Writing as An Act of Self-Love

Writing can be a selfish enterprise. But writing can also be the best act of self-love you could do for yourself.

Self love is something that took me a long to really understand. I first heard about self-love while working in a college dorm when I was 19 and, after years of thinking the values of humility and selflessness were all there was, the idea of self-love sort of went against everything else I had heard before.

I started to test out different practices, like meditation, mindfulness, journaling, forgiving myself, extending grace to others, being honest about what I wanted and what I felt.

It sounds silly, but I had to credit this new discovery of self-love as being an anchor for my writing. It became the thing that always helped me write!

Without a healthy bit of self-love, I wouldn’t be as in tune with myself, wouldn’t be as empathetic to others (or my characters!), and wouldn’t be as aware of the rest of the world as I am. Which all enables me to be a better writer.

When you listen in on people’s conversation on the bus attempting to be mindful, you can get some really good fodder for dialogue!

Just recently, I had set aside a day to write. This was a get shit done sort of day. I had my goal list, my to-do list, my what-to-do-if-I-had-spare-time list. I was all set. I dove in and breezed through a few blog posts and a bit of planning for TLWB.

And then I got the text. A good friend wanted to know if I’d be spontaneously free to hang out.

I hadn’t seen this friend in a while. We had both been busy and our schedules just hadn’t lined up. And I did have the entire day off after all.

I sat at my desk staring at my phone, wondering if I should go or if I should stay. I weighed the options in my head, saying it’d only be an hour, I’d get right back to work when I came home, I hadn’t seen her in a while.

I also had already made so much progress. I wanted to make even more progress. I wanted to whip out a few more blog posts, create a few more plans, work on my novels, do some character development, and spend a bit of time with myself.

I always make time for that though. The progress is slower sure, but I still get those things done on a daily basis! Plus I felt the twinge of guilt for thinking of saying no…I’m a born and raised Seattle girl. Apparently, Seattlites can’t say no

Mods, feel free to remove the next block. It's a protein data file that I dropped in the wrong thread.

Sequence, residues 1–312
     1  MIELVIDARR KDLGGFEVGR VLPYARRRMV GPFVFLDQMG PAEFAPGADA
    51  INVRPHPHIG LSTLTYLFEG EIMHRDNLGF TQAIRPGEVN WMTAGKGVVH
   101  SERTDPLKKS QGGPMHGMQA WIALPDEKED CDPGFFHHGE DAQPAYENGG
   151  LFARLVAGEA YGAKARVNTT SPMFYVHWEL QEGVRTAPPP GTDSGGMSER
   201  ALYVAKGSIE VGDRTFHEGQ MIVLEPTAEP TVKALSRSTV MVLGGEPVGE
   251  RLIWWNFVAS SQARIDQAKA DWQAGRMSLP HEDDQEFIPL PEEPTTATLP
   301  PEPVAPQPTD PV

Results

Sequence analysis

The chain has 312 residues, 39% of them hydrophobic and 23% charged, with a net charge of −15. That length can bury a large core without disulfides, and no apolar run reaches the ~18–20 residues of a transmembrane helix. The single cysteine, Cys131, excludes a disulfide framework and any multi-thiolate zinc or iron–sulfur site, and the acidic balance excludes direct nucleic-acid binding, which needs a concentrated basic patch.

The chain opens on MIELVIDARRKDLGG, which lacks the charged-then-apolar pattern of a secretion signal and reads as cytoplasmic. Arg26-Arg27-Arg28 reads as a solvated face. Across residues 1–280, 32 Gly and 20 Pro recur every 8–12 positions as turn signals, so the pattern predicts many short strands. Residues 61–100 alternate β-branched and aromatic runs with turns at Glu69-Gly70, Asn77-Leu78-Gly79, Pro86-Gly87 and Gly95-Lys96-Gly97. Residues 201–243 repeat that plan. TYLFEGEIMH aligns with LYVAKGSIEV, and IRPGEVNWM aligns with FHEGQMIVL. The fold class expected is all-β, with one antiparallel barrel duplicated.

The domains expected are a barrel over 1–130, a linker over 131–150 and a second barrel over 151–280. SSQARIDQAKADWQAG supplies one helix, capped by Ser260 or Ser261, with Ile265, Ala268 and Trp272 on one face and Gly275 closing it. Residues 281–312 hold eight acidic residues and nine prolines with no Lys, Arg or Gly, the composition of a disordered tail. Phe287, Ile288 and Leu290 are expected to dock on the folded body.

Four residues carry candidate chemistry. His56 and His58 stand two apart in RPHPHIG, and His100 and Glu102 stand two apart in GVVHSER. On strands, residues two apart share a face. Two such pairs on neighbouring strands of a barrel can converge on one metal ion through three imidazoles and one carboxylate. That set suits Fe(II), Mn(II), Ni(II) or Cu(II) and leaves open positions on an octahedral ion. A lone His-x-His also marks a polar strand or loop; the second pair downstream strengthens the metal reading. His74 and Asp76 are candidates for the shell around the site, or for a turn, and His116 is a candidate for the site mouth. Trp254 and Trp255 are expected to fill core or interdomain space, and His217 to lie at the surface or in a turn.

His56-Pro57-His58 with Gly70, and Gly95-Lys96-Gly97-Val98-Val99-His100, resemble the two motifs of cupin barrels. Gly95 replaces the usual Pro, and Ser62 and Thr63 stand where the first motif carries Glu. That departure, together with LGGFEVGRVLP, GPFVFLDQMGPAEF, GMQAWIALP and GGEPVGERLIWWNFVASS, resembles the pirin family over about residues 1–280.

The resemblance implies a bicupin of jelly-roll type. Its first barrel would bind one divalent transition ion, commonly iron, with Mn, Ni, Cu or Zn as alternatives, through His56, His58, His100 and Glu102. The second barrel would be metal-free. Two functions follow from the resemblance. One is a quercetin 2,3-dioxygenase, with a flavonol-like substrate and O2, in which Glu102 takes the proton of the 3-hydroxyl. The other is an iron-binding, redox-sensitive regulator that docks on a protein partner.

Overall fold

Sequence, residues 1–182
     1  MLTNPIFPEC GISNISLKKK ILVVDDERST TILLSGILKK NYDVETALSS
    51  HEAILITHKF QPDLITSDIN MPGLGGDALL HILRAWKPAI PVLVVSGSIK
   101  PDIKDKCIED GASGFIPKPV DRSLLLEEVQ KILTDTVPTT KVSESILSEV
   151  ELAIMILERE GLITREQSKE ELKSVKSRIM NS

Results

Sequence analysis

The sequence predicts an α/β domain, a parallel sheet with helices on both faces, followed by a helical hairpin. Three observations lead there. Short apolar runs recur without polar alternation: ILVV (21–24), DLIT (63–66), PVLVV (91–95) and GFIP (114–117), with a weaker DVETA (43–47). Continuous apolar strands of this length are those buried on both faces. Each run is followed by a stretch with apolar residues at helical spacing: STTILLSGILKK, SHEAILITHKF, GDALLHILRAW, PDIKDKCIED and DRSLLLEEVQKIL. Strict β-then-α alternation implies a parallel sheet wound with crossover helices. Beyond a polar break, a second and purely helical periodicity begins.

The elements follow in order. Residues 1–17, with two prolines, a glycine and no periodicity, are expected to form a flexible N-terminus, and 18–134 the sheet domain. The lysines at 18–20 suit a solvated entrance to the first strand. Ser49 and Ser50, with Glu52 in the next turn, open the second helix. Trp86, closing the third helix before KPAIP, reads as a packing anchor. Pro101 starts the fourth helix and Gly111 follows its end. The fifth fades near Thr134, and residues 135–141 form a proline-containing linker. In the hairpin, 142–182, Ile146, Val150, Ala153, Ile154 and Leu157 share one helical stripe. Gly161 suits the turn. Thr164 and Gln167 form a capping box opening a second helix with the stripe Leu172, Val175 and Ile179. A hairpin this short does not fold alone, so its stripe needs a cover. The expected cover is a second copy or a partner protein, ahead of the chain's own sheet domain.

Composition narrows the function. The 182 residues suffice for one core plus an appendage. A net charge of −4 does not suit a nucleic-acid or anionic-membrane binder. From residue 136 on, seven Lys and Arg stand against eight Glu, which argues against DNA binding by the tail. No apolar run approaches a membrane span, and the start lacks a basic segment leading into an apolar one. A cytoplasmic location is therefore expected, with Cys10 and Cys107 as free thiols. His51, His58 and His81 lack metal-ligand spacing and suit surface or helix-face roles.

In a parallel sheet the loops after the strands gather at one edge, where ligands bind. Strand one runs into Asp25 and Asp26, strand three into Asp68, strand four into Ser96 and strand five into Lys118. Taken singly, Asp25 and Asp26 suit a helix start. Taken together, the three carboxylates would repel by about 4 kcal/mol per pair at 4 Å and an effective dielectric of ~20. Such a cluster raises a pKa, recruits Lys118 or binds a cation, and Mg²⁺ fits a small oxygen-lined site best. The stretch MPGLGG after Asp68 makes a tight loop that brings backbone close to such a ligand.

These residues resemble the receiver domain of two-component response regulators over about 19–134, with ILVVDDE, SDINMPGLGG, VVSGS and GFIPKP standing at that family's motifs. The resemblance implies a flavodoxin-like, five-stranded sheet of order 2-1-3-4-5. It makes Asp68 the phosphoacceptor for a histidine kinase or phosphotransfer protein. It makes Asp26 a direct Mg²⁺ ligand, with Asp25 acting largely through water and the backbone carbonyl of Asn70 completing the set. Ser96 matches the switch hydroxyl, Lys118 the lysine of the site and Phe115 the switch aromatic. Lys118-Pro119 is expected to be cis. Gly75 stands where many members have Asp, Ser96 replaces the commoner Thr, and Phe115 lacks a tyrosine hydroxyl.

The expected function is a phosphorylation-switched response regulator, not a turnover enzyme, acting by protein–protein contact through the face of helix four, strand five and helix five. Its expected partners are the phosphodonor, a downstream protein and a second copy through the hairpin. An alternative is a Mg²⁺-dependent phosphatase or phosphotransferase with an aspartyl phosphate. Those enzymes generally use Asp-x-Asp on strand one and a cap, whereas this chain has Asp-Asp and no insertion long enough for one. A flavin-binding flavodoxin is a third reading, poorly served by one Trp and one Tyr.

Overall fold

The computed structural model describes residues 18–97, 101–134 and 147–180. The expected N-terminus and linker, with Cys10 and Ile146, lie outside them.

I knew that if I went and saw her, I’d lose my momentum and wouldn’t pick it back up again, regardless of what I told myself. I’d be less productive the rest of the day. And I would lose those precious trains of inspiration that I’d been following all day. I knew I wouldn’t end up working on my book at all or planning as far ahead as I wanted. And let’s be real…I wouldn’t just see her for an hour.

So I said no. We figured out a different time, and I proceeded on with my day. Guilt-free.

And my day was the better for it. Here’s why:

I gave the attention to the thing that was most important to me.

That day was set aside as a serious, get shit done sort of day, and I wanted that time, that space, that reason to just sit and write and plan all day long with no distractions or chores or friends or anything.

So I took the necessary steps to protect that space. I knew that by honoring what I wanted and needed in that moment would be far better for me, my goals, and my future, than spontaneously seeing my friend.

Don’t get me wrong, I LOVE spontaneous get togethers, but when I’ve set aside the time to #girlboss, you should just trust that my phone is probably on airplane mode and I’ll get back to you tomorrow. Lesson learned.

We as a society find self-love to be difficult…setting aside time JUST for ourselves and our projects. It can be seen as selfish, or narcissistic. Like you’re robbing friends and family of time with you or your job of your skills or your kids of your awesome parenting. And those are all valid concerns.

But how many of us can say (introverts, you’ll really get me here) that a little time to ourselves, helps us be better friends and employees and parents? Taking some time for our own projects and passions and hobbies can make us better husbands and wives and managers and partners!

Sometimes this means rainchecking the friend who really wants to see you for a long brunch, or letting your kids watch a second movie, or taking your entire hour long lunch break for yourself.

And it’s ok. It’s called prioritizing. It’s called giving attention to where it most deserves. It’s called self-love.

Rain checking with my friend helped me be a better writer and a more productive #girlboss. But it made me a better friend too, because I wasn’t worried about finishing my to-do list when I next hung out with her.

Because I didn’t divide my attention, everything in my life benefited.

Don’t get caught in the trap of thinking you can’t take time for yourself. Don’t think you can’t spend an extra hour on your book while your kids watch a movie. Don’t think you can’t start your blog because you “don’t have enough time”.

Be careful and generous with the time you have and someway, somehow, it will seem like you always have enough.

How do you take care of your writing life? I’d love to know in the comments!

Alexis Truitt


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